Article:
My good friend Joe's recent article on Seamheads.com reminded me of a subject I've been thinking of writing about for a while, my all-time favorite sports moments. While I plan to one day work on the sports version of last year's music Fab 40, right now I'm thinking of something a little different. That is, sports memories that have to do with much more than what happened in the games. The first that comes to mind is when I experienced what I consider to be the ultimate baseball doubleheader.
Being a native New Yorker, it might be surprising as to what I bestow that distinction. Or, maybe it's because I'm from New York, and Yankee and Shea Stadiums are not as big of a thrill to me as places I've rarely or never been to. Possibly, it's because of the luster associated with a day game at Wrigley Field. Regardless, the ultimate baseball day of my life to date was when my oldest friend Brian and I attended a day game at Wrigley and a night game at New Comiskey (or Comiskey II, as I believe it was called at the time).
Brian had just finished law school and secured a job at a Silicon Valley firm. He packed his belongings into a small U-Haul truck and headed west. I met up with him in Chicago and joined him for the western portion of his trip. It just so happened it was the summer of 1998, "the year that saved baseball," before anyone's eyes had been opened to the whole steroids controversy.
When we made our plans, Mark McGwire and Sammy Sosa were in the midst of their assault on Roger Maris' 27-year old single season home run record. So, when we purchased tickets in advance for the September 18th games in Chicago and the September 19th and 20th St. Louis at Milwaukee matchups, we were excited it gave us a chance to see either of those guys make history.
As it turns out, McGwire broke the record on September 8, and was sitting on 64 when we arrived. He went 0-for-4 with four strikeouts on September 19, and we gave away our tickets to some nice local folks for the September 20 game, deciding that we'd rather spend an extra day in South Dakota or Wyoming than remain in Milwaukee to try and see him break his own record. He hit his 65th that day. I suppose if it had been his final homer of the season, we may have regretted our decision, but he went on to hit five more (including four in the season's final two games) to reach 70.
But this was supposed to be about the ultimate day of baseball, September 18th, 1998 in Chicago, a day that didn't start out very well. When we called a cab to pick us up at our hotel in the northern suburbs of Chicago, it seemed we had enough time to make our train. But, when the driver took almost an hour to pick us up, we were in jeopardy of not catching the last train that would get us to Wrigley by game time.
Brian was furious, and he reminded me of his father the way he berated the taxi driver. Sometimes, in situations like this, another person's agitation can make you tense, but on this occasion, I felt so sane in comparison that it relaxed me. In a way, Brian and I turned into our own version of the good cop/bad cop routine. I quietly told the driver, "Just get us to the station in time, and all will be forgiven." He did.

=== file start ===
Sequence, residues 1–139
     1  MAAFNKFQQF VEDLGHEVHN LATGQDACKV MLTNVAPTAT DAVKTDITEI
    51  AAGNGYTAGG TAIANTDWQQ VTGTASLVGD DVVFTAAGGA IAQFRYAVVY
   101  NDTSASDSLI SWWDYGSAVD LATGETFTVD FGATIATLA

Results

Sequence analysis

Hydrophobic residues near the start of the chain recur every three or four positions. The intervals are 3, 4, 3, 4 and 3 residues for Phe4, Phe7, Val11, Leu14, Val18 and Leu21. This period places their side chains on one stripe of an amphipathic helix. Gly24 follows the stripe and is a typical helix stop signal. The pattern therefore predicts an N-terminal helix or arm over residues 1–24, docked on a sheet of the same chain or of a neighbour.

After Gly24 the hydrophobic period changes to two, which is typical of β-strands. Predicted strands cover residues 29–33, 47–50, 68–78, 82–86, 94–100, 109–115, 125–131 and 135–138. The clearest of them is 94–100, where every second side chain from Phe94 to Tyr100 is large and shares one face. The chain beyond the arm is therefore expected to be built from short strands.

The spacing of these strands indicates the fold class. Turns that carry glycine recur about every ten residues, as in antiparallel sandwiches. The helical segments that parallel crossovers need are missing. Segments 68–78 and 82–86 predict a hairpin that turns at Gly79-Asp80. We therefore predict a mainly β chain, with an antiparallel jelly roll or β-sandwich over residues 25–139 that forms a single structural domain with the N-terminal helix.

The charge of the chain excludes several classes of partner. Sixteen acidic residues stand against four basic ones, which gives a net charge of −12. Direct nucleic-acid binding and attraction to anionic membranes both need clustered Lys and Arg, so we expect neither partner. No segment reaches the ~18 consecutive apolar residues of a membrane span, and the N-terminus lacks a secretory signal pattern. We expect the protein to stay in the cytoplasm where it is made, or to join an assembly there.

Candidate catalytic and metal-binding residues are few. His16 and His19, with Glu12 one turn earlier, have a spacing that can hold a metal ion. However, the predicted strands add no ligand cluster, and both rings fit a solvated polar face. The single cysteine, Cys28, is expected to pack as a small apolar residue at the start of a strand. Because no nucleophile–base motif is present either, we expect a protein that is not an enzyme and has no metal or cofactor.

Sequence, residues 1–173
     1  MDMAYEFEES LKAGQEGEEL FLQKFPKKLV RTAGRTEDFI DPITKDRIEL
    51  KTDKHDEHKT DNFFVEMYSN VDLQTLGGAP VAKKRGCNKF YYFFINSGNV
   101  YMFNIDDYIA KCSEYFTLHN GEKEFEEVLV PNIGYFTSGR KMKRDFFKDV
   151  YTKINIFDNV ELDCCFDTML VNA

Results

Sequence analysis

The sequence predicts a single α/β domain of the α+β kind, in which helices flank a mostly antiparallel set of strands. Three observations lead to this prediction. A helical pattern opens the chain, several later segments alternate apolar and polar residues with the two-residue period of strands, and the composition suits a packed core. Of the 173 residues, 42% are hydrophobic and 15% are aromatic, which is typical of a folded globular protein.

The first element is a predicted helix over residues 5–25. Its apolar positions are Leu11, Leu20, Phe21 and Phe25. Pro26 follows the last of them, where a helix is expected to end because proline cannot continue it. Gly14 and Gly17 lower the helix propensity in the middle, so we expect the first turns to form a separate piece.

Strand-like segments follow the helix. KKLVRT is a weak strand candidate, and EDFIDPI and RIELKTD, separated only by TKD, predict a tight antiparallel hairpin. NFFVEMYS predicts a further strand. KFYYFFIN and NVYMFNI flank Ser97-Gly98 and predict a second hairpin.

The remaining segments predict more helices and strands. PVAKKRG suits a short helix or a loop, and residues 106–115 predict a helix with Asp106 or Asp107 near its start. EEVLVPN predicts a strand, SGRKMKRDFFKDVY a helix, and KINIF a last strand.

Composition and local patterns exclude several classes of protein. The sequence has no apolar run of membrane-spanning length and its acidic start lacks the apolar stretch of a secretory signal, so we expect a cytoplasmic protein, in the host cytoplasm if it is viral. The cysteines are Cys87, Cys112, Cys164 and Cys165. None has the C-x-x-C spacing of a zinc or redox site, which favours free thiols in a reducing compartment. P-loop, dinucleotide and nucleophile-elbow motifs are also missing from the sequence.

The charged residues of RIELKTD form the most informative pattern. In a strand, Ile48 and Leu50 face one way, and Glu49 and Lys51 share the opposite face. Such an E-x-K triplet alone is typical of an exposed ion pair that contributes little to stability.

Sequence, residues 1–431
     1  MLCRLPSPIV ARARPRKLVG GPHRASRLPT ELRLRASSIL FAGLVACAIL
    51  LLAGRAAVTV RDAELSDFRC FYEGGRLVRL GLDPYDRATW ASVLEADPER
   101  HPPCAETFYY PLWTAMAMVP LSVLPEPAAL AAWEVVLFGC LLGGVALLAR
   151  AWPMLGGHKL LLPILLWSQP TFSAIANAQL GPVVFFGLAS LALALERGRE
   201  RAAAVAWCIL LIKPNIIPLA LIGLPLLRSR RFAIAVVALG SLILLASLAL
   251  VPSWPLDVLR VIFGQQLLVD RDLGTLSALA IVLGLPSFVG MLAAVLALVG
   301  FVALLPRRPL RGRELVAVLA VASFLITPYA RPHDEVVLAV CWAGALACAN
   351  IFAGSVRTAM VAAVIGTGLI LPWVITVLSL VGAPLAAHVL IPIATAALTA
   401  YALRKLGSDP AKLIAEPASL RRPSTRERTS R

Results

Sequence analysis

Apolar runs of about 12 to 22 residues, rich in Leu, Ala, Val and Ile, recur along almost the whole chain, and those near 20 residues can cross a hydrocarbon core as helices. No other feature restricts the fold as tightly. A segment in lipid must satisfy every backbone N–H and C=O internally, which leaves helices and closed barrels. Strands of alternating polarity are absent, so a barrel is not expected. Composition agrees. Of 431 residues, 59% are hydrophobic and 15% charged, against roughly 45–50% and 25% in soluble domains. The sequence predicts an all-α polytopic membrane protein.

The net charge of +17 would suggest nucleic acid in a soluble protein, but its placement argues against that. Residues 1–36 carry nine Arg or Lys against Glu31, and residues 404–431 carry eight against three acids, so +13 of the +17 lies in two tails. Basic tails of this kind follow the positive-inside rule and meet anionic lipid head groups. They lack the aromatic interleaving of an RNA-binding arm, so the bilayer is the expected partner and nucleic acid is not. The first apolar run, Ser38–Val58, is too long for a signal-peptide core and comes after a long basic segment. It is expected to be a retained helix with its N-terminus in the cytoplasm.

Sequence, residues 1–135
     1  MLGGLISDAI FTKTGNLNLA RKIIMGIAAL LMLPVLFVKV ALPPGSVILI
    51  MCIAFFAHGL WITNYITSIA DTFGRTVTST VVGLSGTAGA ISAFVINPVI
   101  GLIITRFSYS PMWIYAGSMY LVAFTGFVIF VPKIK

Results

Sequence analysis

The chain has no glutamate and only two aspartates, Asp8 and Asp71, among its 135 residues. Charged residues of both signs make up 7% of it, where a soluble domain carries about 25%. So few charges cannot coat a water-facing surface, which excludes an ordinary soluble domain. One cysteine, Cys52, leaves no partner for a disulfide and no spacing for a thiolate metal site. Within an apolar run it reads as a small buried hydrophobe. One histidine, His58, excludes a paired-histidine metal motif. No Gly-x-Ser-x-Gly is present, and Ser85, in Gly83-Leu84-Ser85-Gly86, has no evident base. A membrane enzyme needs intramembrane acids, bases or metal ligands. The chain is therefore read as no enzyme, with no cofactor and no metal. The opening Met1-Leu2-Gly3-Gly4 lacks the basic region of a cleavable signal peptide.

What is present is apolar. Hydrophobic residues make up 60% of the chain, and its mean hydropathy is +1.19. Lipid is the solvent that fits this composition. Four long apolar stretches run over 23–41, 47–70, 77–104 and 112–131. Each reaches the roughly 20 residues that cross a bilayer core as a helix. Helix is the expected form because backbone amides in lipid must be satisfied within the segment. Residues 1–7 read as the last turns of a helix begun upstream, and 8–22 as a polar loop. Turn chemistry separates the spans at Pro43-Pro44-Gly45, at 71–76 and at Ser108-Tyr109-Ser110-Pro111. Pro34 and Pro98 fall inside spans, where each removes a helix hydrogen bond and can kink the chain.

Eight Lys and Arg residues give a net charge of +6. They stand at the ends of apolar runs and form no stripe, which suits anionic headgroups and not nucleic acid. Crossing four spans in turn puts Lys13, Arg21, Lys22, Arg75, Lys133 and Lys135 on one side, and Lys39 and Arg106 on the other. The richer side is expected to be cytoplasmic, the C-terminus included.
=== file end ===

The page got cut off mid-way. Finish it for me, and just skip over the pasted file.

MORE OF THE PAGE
Still, this unfortunate incident caused us to miss out on one of the essential aspects of the Wrigley experience...pre-game drinking in local watering holes. There was no time for this, so we proceeded directly to the game. Eight 20-oz. Old Styles purchased from stadium vendors later, the Cubs and Reds were knotted at three apiece at the conclusion of the 3rd inning. I don't remember much after this. I think we stopped drinking, or at least slowed down, but I can't say for sure.
What I do remember is Brian getting yelled at by another fan for urinating in a sink in the men's room. I could swear it was a urinal myself...or at least its purpose was in that gray area between waste disposal and personal hygiene. Or, Brian and I were just that drunk. In fact, it was probably the latter.
Sosa was sitting at 63 homers for the season when the game commenced. He went 0-for-4, and since I've already mentioned McGwire did the same the next day, we were unsuccessful in our attempt to witness a little history.
The subway ride to Comiskey was pretty much a blur, probably because we slept the entire way. We actually didn't have advanced tickets to this game, so we proceeded to the ticket booth. There, we were approached by a generous local who gave us two very good seats to the game. As I've already said, we paid that gesture forward the following day.
Our tickets were for one of those sections of box seats where a waitress comes around to take your order...not really my idea of what I'm looking for in a baseball stadium, but a convenient luxury nonetheless. Our main impression of new Comiskey was they missed the boat when it came to the newer stadiums that were built to be aesthetically pleasing and comfortable. Brian said it looked like Disney World, but maybe we were expecting all of the new parks to have that charismatically retro feel that Camden Yards has. I'll have to get back there someday to see if I'd like to revise my opinion.
I suppose this ultimate day of baseball would have been better experienced and remembered without the excessive drinking. I certainly feel that downing a few Old Styles is essential to soaking in the Wrigley experience, but in retrospect I'd say we overdid it. Well, I did at least. Brian, outweighing me by about 60 lbs, is hard to keep up with, but it's always been my way to try. One day, I hope to convince Brian, and anyone else who's interested, to meet me in Chicago for a more sober repeat of this memorable experience. I can't think of a better way to spend a day...well, a day of baseball, that is.
Are No-hitters Linked to Strikeout Rates?
6 hours ago